The Bengals are part of a trio of 6-2 AFC teams (along with the Patriots and Colts) that will likely challenge for the number two seed behind whoever wins the AFC West.  Avoiding the fourth seed is paramount for all those teams, since that would likely draw both Denver and Kansas City in some order.  If Cincinnati can work itself into one of the two prime positions, don't be surprised if this team is still playing in late January.


A Giant Comeback?

Despite their consistently solid ranking, I've desperately been trying to avoid any mention of the Giants so far, what with their 0-6 start and their near-historic turnover rate.  But after a modest two-game winning streak, New York is somehow just two games behind Dallas for the NFC East lead.  Believe it or not, this team is still in legitimate playoff contention.

The Giants' two wins do come with a heaping pile of salt, as they came against the Josh Freeman-led Vikings and (mostly) Matt Barkley-led Eagles.  The biggest difference from New York was really the regression in their turnover rate.  A team can win with two turnovers in two games, but not when they average nearly four per game, as the Giants did in their first six losses.

Perhaps the biggest driving force to their respectable 13th-ranked position is their third-ranked defense, which is nothing short of mind-numbing given the injuries and underachievement throughout the unit.  Moreover, their defensive EPA suggests something like a league-average unit rather than an elite one.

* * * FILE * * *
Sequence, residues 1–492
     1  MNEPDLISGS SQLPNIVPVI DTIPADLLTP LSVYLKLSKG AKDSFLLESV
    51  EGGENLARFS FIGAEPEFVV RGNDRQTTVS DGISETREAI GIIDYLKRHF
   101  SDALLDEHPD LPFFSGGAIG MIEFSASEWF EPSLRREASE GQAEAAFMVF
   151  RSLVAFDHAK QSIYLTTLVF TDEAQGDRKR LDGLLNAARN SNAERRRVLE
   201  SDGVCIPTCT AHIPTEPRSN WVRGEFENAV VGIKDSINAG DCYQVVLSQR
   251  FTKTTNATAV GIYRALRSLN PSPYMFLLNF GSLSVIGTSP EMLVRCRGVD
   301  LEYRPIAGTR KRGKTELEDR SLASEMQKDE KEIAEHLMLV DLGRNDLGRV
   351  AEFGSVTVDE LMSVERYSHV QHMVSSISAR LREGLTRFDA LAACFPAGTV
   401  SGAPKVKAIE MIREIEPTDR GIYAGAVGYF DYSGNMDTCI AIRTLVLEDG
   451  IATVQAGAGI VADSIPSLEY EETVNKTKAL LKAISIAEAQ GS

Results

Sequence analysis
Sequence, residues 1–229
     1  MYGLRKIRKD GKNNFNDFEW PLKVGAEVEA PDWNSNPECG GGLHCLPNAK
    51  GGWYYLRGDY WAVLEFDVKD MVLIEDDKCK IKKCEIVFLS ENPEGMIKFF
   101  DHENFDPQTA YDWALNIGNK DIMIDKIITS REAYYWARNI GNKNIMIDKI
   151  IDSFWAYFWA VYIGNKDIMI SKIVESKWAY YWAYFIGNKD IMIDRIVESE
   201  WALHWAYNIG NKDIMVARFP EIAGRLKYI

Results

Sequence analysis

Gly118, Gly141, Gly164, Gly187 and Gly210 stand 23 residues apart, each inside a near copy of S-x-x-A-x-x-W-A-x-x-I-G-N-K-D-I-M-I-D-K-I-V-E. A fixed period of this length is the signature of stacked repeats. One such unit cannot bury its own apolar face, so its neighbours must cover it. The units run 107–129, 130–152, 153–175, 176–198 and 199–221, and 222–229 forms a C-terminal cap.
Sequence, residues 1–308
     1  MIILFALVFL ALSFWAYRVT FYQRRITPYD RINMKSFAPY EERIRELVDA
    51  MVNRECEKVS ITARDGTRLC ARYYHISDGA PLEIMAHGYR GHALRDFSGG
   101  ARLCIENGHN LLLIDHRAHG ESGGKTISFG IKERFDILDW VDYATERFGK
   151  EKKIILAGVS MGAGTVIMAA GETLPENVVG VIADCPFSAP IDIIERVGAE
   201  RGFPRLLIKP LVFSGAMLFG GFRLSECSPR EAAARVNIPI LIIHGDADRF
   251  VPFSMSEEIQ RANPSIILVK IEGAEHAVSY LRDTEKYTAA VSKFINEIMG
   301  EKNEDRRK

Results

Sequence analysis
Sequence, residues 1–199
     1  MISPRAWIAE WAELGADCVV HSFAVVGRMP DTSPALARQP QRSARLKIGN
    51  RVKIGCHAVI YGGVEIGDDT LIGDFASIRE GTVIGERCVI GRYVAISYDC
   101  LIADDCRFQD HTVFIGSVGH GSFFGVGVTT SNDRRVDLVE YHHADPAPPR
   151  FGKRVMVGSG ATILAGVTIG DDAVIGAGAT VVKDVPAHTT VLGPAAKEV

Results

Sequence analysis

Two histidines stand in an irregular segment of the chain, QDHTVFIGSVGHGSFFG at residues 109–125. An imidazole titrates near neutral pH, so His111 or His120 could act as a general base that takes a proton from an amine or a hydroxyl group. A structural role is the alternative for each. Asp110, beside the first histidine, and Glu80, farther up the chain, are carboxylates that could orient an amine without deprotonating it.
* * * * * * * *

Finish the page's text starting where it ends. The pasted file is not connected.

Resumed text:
However, there are some peripheral stats that suggest a solid unit.  The Giants rank ninth in opponent's yards per play, and as a result of the offense's plethora of turnovers, New York has suffered the worst opposing starting field position, per Football Outsiders.

Still, unless the turnovers somehow completely disappear, it's hard to imagine the Giants completely making up the deficit.  New York still has games remaining against Seattle, Detroit, San Diego and Green Bay.  If the Giants can sweep their three remaining division games (two vs. Washington, home vs. Dallas), there's a chance they could squeak in with tiebreakers.  But don't hold your breath for the postseason, let alone another surprising Super Bowl run.


Quick Hits

- Does defense still win championships?  Ok, yes it definitely does still help, but it's telling that seven of the 10 most efficient defenses are on teams outside the top 10.  On the flip side, only the Chargers and Bears possess top-10 offenses without an overall ranking in the upper-third.
- The Lions were this week's biggest movers, jumping up eight slots after one of the season's most thrilling wins.  Quarterbacks are clearly the most influential position, but Calvin Johnson deserves MVP consideration nonetheless.  The 0.57 WPA difference between Megatron and second-ranked Anquan Boldin is equivalent to the gap between Boldin and 20th-ranked Brian Hartline.